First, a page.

• urea cycle;
  • CPS1 deficiency;
  • hyperammonemia;
  • carbamylglutamate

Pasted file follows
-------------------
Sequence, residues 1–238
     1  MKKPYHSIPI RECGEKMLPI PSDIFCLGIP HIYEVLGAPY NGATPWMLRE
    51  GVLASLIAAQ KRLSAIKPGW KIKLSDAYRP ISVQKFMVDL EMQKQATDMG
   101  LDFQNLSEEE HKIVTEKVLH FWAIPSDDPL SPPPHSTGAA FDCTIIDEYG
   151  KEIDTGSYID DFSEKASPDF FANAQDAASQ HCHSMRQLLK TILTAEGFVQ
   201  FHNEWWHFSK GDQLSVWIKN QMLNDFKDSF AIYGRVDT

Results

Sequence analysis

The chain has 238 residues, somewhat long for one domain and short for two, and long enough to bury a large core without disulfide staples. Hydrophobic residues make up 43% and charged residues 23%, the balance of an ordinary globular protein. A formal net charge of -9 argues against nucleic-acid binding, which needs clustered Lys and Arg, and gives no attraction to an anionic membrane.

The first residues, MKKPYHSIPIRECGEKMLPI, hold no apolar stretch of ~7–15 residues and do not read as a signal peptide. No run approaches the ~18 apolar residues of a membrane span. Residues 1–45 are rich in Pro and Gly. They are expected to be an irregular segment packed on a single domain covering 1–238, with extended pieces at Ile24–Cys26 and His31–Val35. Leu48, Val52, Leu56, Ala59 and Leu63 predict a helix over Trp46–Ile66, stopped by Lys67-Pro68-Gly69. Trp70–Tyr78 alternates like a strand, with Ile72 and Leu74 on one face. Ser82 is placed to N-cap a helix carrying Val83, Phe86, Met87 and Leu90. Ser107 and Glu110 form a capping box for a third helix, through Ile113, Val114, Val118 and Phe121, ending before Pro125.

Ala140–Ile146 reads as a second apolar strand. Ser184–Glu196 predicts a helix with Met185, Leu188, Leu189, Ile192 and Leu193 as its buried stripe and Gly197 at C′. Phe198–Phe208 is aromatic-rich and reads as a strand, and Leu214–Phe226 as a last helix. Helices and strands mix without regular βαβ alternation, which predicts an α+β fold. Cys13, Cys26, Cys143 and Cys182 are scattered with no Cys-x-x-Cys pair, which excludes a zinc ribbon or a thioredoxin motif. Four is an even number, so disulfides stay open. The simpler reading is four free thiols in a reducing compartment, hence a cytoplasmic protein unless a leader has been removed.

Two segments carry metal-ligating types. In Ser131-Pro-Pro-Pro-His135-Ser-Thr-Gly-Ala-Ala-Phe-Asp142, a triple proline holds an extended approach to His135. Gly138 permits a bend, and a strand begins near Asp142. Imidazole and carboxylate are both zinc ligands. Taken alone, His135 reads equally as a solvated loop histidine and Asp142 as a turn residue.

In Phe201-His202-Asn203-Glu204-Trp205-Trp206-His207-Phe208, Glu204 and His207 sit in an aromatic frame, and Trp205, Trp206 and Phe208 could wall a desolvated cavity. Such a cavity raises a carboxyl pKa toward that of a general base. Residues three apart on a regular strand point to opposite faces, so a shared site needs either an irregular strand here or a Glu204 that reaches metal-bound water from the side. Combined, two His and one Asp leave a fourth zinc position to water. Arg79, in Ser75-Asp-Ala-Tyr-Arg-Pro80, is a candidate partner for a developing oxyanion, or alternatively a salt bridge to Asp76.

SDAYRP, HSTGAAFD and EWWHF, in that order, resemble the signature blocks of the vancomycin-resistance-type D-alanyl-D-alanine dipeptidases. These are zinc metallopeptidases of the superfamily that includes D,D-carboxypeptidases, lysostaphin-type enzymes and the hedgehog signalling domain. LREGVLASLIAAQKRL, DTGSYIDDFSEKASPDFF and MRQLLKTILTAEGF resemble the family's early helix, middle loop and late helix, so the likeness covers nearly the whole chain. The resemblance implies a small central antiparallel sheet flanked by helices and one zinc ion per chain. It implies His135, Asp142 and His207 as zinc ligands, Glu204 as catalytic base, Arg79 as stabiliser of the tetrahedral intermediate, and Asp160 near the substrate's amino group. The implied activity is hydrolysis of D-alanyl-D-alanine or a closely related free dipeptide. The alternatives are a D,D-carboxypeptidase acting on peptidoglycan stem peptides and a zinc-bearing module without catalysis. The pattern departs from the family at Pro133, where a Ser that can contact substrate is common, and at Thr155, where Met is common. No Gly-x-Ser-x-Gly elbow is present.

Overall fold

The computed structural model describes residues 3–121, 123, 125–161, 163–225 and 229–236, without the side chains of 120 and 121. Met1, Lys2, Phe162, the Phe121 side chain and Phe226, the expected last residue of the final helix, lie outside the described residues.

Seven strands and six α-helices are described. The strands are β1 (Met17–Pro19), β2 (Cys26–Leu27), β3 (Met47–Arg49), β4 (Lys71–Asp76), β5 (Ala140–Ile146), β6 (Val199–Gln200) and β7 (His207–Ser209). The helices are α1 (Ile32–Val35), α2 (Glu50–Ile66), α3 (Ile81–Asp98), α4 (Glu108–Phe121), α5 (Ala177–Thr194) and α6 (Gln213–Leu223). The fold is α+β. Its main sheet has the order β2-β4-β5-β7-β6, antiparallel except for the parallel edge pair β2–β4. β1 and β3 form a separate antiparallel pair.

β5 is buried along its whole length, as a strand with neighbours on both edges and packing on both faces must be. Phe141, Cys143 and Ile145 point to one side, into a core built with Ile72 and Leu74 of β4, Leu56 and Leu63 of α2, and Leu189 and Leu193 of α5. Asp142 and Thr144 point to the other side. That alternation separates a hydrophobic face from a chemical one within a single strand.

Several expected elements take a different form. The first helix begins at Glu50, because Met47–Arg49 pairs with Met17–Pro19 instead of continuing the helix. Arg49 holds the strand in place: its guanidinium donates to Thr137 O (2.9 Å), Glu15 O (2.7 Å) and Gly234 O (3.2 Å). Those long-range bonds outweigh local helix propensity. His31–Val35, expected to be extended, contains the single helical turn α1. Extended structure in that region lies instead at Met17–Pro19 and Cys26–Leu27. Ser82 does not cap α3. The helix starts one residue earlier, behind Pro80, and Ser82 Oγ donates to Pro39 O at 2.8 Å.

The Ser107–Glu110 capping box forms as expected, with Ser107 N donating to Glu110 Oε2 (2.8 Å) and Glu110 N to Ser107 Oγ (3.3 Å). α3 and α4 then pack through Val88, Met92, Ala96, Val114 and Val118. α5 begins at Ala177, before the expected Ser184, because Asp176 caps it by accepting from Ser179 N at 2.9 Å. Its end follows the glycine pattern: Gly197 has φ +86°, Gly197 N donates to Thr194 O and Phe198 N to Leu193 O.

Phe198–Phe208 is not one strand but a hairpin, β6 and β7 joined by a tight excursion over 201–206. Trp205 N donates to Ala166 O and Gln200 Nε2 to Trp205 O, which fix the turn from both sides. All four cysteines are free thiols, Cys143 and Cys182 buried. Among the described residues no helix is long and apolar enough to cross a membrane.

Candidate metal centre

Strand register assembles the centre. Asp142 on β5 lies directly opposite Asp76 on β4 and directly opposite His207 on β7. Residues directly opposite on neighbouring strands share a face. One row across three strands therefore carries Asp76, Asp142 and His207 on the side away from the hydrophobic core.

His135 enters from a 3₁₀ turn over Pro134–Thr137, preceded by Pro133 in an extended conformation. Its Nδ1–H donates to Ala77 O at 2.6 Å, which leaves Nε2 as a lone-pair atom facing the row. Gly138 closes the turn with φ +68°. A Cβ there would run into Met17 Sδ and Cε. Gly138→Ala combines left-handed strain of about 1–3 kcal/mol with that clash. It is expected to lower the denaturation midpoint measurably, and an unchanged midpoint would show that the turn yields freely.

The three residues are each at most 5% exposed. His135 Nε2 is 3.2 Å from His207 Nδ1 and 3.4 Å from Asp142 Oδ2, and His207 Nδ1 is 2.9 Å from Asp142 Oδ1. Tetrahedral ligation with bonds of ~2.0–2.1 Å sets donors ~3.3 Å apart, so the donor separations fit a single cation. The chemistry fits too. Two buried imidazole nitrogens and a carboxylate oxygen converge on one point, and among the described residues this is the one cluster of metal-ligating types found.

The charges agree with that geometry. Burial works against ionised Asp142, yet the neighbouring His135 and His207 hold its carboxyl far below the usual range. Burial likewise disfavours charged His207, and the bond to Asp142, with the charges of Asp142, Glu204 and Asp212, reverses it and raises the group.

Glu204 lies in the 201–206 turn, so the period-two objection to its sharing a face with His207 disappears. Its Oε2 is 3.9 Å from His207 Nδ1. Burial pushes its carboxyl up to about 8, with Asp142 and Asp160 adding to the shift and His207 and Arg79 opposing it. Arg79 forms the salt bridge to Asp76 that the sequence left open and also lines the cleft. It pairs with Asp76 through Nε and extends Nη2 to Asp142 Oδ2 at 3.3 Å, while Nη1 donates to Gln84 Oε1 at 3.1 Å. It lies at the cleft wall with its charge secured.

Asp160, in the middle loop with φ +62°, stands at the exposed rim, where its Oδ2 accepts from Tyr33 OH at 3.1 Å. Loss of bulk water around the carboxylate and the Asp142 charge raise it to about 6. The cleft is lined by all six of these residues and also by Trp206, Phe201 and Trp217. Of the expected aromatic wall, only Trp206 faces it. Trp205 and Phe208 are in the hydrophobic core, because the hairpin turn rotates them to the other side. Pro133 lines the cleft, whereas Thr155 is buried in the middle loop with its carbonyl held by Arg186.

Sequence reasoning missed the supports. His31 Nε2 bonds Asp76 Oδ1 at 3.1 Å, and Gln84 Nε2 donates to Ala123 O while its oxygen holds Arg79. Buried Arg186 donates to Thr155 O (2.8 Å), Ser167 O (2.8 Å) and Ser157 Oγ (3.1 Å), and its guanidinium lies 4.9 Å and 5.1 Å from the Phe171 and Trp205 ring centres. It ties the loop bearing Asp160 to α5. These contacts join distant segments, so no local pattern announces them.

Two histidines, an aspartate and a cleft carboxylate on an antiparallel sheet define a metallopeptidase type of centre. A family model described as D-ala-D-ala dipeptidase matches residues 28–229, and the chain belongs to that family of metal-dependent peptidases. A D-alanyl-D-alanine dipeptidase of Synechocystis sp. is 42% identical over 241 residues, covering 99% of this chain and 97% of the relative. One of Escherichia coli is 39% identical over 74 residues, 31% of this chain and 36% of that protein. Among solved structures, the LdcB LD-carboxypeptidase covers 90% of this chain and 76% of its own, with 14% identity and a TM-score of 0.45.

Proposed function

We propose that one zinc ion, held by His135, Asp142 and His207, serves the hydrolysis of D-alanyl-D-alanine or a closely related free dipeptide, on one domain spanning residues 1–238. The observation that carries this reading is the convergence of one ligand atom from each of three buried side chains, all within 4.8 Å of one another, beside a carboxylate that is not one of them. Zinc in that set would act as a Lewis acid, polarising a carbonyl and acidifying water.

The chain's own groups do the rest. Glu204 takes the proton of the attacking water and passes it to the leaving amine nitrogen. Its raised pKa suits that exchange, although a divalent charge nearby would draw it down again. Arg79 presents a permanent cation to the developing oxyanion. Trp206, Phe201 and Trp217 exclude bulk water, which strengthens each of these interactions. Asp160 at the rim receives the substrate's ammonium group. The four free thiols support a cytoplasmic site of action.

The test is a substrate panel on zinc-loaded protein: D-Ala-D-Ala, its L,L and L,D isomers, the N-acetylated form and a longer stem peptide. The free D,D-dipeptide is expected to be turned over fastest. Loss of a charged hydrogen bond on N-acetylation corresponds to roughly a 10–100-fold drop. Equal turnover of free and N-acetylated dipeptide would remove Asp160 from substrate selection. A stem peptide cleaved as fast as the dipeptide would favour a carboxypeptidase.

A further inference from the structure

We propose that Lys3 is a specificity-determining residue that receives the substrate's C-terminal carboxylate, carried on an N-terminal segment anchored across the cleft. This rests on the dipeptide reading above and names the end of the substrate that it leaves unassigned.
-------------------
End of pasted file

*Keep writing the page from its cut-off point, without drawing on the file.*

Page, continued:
The urea cycle disease carbamoyl-phosphate synthetase deficiency (CPS1D) has been associated with many mutations in the CPS1 gene [Häberle et al., 2011. Hum Mutat 32:579–589]. The disease-causing potential of most of these mutations is unclear. To test the mutations effects, we have developed a system for recombinant expression, mutagenesis, and purification of human carbamoyl-phosphate synthetase 1 (CPS1), a very large, complex, and fastidious enzyme. The kinetic and molecular properties of recombinant CPS1 are essentially the same as for natural human CPS1. Glycerol partially replaces the essential activator N-acetyl-l-glutamate (NAG), opening possibilities for treating CPS1D due to NAG site defects. The value of our expression system for elucidating the effects of mutations is demonstrated with eight clinical CPS1 mutations. Five of these mutations decreased enzyme stability, two mutations drastically hampered catalysis, and one vastly impaired NAG activation. In contrast, the polymorphisms p.Thr344Ala and p.Gly1376Ser had no detectable effects. Site-limited proteolysis proved the correctness of the working model for the human CPS1 domain architecture generally used for rationalizing the mutations effects. NAG and its analogue and orphan drug N-carbamoyl-l-glutamate, protected human CPS1 against proteolytic and thermal inactivation in the presence of MgATP, raising hopes of treating CPS1D by chemical chaperoning with N-carbamoyl-l-glutamate.